Which Sentence Structure Do You Prefer?

Here are five versions of the same sentence, but with the phrase at its expense positioned differently in each one:

1. At its expense, the Publisher shall send 20 review copies of the Work to individuals named by the Author.

2. The Publisher shall at its expense send 20 review copies of the Work to individuals named by the Author.

3. The Publisher shall send at its expense 20 review copies of the Work to individuals named by the Author.

4. The Publisher shall send 20 review copies of the Work at its expense to individuals named by the Author.

5. The Publisher shall send 20 review copies of the Work to individuals named by the Author at its expense.

6. The Publisher, at its expense, shall send 20 review copies of the Work to individuals named by the Author.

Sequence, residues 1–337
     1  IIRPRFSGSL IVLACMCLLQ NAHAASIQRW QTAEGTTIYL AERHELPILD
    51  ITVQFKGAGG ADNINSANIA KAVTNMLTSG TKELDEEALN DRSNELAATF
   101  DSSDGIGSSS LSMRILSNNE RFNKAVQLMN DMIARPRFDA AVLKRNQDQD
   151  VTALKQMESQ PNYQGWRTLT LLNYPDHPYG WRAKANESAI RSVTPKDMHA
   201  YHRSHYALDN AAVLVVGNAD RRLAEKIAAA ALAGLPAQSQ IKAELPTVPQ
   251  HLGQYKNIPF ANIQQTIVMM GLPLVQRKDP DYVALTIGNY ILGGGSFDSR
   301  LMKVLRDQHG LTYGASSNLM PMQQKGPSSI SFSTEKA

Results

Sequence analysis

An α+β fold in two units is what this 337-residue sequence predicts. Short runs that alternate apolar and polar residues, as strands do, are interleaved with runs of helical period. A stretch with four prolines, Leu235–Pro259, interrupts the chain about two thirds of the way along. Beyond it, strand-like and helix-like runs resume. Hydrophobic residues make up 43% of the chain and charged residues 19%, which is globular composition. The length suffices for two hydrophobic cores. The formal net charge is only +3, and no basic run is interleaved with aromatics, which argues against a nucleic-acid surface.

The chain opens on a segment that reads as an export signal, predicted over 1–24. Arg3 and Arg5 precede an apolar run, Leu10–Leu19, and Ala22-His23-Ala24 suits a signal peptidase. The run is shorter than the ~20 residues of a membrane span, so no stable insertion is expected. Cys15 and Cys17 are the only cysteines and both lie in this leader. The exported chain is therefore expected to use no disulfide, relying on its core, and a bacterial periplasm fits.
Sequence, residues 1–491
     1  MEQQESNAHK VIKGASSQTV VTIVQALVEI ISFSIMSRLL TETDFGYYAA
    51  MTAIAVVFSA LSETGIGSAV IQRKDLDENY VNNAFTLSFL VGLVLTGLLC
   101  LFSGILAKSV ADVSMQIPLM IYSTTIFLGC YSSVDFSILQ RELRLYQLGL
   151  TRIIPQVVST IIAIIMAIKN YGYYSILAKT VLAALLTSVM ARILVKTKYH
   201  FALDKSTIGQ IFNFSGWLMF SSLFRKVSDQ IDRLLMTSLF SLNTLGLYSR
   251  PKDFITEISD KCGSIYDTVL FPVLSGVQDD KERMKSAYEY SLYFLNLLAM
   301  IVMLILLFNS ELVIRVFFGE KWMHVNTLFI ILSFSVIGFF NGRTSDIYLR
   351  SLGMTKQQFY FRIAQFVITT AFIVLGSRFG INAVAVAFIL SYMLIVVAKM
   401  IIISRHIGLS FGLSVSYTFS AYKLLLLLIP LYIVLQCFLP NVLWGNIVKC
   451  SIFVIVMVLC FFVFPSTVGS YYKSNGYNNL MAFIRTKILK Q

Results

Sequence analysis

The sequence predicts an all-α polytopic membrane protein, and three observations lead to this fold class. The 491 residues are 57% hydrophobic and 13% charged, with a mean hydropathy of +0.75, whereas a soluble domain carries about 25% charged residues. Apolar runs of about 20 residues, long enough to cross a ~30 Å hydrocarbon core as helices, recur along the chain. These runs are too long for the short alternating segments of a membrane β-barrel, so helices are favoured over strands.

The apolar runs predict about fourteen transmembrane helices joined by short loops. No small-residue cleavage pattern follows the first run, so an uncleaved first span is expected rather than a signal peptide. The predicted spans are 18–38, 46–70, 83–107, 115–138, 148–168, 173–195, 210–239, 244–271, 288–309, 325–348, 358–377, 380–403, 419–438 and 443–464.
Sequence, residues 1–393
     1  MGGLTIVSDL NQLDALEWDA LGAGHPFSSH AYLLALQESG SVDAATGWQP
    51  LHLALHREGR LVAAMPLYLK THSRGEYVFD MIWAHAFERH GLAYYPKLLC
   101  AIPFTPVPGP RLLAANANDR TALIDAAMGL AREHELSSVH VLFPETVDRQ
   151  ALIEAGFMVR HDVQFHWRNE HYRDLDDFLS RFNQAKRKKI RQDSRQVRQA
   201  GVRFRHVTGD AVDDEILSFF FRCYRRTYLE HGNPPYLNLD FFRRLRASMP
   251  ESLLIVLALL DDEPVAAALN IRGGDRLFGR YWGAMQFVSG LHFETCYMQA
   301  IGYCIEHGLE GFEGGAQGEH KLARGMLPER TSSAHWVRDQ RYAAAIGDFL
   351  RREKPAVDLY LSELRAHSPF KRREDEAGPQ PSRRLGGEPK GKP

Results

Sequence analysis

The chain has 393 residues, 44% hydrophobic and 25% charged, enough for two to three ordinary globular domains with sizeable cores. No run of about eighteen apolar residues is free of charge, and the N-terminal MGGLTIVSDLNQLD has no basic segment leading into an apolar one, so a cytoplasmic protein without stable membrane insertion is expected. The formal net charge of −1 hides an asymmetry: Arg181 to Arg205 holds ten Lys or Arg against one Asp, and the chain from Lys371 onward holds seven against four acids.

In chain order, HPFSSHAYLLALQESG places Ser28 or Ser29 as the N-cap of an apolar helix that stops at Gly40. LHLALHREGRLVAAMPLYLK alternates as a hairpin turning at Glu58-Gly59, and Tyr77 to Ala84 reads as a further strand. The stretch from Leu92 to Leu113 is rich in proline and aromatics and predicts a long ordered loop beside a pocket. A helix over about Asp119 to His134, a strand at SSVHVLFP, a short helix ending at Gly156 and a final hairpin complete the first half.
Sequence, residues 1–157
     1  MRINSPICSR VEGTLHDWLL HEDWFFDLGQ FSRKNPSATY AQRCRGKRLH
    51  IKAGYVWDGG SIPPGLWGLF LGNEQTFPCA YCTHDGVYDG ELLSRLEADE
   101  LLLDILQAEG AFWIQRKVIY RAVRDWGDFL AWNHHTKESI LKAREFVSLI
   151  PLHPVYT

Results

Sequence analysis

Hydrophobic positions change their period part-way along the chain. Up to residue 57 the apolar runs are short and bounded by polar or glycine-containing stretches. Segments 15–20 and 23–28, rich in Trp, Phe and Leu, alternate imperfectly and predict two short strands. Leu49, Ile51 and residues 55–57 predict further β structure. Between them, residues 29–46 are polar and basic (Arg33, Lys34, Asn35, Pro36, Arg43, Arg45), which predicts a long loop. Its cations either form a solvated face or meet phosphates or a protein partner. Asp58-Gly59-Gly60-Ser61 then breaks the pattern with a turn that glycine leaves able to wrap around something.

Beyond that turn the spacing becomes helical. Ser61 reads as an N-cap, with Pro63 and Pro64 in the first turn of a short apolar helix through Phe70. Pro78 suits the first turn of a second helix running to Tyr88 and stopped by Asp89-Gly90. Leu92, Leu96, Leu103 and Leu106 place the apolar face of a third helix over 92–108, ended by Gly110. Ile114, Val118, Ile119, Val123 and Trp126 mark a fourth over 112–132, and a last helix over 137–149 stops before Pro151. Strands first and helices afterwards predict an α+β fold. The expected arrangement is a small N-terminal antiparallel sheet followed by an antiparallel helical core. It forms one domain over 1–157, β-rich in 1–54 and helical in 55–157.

Which do you prefer? Generally, the principle is that it’s best to keep the subject, verb, and object together (see MSCD 17.6). By that standard, the first sentence should be the winner. Is that what you, dear reader, think? Vote below. [Updated! Prompted by A. Wright Burke and Vance Koven, I’ve added a sixth option.]

Of course, the fifth option is a turkey, as it could result in a reader miscue, with the reader thinking, at least for a moment, that the expense referred to would be incurred in naming individuals.

About the author

Ken Adams is the leading authority on how to say clearly whatever you want to say in a contract. He’s author of A Manual of Style for Contract Drafting, and he offers online and in-person training around the world. He’s also chief content officer of LegalSifter, Inc., a company that combines artificial intelligence and expertise to assist with review of contracts.